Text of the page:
Unexpected deaths among people with learning disabilities and autism rise sharply

iStock - Gary Radler

Figures show there was a 175% increase in unexpected deaths among people with learning disabilities or autism over the period of a month.

Care Quality Commission data showed between 10 April and 8 May in places where people with learning disabilities or autism live there were 3,765 deaths compared to 1,370 in the same period last year.

However, the regulator pointed out the number of deaths of autistic people or people with a learning disability could be as much as 40 times smaller once the data on deaths of people who receive other types of care from these providers is separated out.

It is working with the Office for National Statistics to publish a breakdown of all deaths in adult social care by age range, to provide an accurate picture of those of working age who have died in care settings.

In response to the figures, Dr Rhidian Hughes, Voluntary Organisations Disability Group (VODG) chief executive, said: ‘People with learning disabilities and/or autism already face significant health inequalities. We are two months into the pandemic response and that it has taken this long for CQC data to come to light showing the potential impact of Covid-19 on people with a learning disability is appalling. This highlights structural inequities at work.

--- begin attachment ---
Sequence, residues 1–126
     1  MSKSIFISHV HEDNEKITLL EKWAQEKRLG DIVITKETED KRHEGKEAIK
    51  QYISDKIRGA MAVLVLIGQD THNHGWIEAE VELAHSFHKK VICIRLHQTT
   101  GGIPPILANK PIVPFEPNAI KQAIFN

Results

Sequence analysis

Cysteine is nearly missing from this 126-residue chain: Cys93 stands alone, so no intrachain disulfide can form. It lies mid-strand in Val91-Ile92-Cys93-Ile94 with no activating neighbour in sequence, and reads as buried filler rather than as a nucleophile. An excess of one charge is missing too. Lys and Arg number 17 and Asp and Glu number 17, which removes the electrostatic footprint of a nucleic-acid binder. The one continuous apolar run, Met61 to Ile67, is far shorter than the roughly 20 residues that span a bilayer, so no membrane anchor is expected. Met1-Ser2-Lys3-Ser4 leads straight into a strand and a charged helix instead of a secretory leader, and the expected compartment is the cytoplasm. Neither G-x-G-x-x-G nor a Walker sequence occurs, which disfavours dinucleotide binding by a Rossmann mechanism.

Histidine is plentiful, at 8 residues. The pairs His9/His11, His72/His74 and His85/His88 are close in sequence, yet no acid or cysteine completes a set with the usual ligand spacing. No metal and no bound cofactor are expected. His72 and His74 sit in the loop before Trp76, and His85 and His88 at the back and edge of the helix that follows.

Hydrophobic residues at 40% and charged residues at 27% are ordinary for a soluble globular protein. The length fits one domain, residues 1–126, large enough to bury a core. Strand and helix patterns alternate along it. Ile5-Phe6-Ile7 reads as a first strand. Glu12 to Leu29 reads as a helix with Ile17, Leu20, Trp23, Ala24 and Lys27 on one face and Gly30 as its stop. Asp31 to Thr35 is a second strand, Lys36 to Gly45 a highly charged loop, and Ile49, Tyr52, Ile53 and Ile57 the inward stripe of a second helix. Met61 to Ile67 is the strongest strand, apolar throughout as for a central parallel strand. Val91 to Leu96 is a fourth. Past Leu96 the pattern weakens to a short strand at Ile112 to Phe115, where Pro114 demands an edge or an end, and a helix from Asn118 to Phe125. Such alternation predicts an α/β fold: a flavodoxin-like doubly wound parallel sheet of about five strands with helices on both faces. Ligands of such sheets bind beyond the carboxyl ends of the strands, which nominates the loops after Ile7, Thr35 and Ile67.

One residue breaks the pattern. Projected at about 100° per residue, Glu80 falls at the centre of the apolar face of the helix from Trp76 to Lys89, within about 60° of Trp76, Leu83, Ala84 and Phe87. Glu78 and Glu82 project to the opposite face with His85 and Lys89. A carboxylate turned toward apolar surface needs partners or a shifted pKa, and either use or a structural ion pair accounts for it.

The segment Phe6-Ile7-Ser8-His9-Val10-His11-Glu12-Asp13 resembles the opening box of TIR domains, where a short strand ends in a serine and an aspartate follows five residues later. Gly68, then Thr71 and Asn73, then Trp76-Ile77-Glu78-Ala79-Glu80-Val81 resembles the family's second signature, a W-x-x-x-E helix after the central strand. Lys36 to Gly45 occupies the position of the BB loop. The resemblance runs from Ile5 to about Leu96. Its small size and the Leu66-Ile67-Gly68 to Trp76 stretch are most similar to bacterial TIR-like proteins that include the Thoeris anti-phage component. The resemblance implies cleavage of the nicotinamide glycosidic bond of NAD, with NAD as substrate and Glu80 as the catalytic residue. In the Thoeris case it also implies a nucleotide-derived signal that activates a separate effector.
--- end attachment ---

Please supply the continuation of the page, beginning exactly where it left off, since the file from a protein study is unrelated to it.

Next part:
‘VODG has been calling on the government and its agencies to release data on the deaths of people with a learning disability and autism. Today’s figures from CQC are a step forward but we are still miles away from having data that clearly sets out the true picture of how this pandemic is impacting upon disabled people.’

He called on the government to ‘shift its response significantly’ to be more inclusive of all groups using social care services, including people with a learning disability.